Orchestras Live Trustee, Simone Willis, shares reflections and her personal highlights of being part of the board.
I had never considered becoming a trustee before - mostly because I didn’t know what it meant - so I was surprised when it was suggested to me. I didn’t know of anyone else who was a trustee at the time and had imagined boards were made up of retirees wearing suits. At the time, I was 28, working as a peripatetic music teacher, and had recently started a PhD in stress and wellbeing of musicians.
I turned my research skills to finding out about the roles and responsibilities of the board and read a lot of documents by the Charity Commission. After this, I found out about the work of Orchestras Live and their approach to producing orchestral experiences. I thought I could contribute my perspective on working for a music hub and my own experiences of learning the violin and studying at a conservatoire. I became a trustee for Orchestras Live in 2017 and have enjoyed seeing the organisation flourish over the past six years.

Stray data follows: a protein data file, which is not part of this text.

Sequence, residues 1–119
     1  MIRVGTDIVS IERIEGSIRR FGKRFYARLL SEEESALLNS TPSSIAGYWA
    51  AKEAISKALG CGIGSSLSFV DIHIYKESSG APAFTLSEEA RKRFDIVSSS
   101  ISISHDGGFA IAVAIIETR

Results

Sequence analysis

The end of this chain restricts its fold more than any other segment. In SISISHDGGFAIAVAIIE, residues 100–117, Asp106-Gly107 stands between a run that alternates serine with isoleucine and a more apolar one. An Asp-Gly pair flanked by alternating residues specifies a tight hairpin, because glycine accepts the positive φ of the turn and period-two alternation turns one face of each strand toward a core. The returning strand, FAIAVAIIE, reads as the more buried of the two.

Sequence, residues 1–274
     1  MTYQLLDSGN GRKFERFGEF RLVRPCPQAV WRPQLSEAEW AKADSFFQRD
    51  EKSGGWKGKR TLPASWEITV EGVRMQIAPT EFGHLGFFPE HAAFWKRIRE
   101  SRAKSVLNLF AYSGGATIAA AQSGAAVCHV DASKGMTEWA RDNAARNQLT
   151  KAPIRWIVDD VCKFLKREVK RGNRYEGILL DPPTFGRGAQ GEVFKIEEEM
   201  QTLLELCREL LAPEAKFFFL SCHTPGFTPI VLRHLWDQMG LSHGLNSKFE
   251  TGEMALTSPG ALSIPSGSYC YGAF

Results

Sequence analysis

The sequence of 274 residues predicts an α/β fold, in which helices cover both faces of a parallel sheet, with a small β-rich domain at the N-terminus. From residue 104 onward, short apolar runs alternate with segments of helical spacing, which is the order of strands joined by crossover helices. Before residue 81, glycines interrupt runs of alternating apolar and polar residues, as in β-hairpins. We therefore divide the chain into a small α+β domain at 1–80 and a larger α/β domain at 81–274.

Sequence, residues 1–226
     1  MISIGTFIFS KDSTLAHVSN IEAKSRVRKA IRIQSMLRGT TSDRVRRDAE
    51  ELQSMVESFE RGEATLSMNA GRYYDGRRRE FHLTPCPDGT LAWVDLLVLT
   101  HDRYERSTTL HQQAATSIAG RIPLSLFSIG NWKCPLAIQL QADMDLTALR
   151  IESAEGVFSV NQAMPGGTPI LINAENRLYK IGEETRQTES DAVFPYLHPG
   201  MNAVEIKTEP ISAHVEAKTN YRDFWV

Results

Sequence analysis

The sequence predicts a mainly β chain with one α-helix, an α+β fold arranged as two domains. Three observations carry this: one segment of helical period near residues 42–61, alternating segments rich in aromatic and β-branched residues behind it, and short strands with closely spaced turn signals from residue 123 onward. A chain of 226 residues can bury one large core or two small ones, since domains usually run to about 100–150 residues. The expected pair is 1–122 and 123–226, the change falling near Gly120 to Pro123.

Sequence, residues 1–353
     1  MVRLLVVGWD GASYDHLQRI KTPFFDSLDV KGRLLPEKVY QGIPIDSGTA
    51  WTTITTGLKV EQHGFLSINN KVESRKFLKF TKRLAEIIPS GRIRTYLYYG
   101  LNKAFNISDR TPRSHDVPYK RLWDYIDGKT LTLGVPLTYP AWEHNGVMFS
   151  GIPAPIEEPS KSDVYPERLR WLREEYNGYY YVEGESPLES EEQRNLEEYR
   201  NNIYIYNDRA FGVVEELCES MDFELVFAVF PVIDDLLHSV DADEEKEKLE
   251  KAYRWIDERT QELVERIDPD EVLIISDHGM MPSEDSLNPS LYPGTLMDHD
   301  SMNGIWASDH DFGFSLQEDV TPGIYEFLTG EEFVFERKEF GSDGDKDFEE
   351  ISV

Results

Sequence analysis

There have been several musical highlights over this time, from seeing the Multi-story Orchestra in a car park in Gloucester, to hearing a premier composed by Oliver Vibrans and performed by musicians from the Able Orchestra, Halle, and BBC Philharmonic, to attending projects involving children and young people in Darlington and Stroud. Each of these events has been filled with energy, bringing people together to share and enjoy music in a collaborative way.
I have also been able to share my personal experiences of being a Black woman in classical music and contribute to the Diversity, Inclusion and Relevance Committee. Whilst my own experiences have not always been positive, it has been beneficial to share these with the team at Orchestras Live and to contribute to making classical music a more inclusive space.
It was a delight to chair one of the Regenerate events during the pandemic on the topic of diversity and inclusion and hear from a range of voices in the classical music industry. Whilst there is still a way to go before the industry becomes truly inclusive, I have appreciated Orchestras Live’s approach to having open conversations and striving for all projects to be inclusive.
Being a trustee has been a hugely rewarding experience. The skills I have learnt from being on the board of Orchestras Live have benefitted me both personally and professionally. I have acquired leadership skills, learnt to express my views in the board room, and developed my understanding of strategy. Since becoming a trustee for Orchestras Live, I have also become a trustee of Sinfonia Cymru. I look forward to continuing to use my skills with Sinfonia Cymru and in my professional role as a researcher at Cardiff University.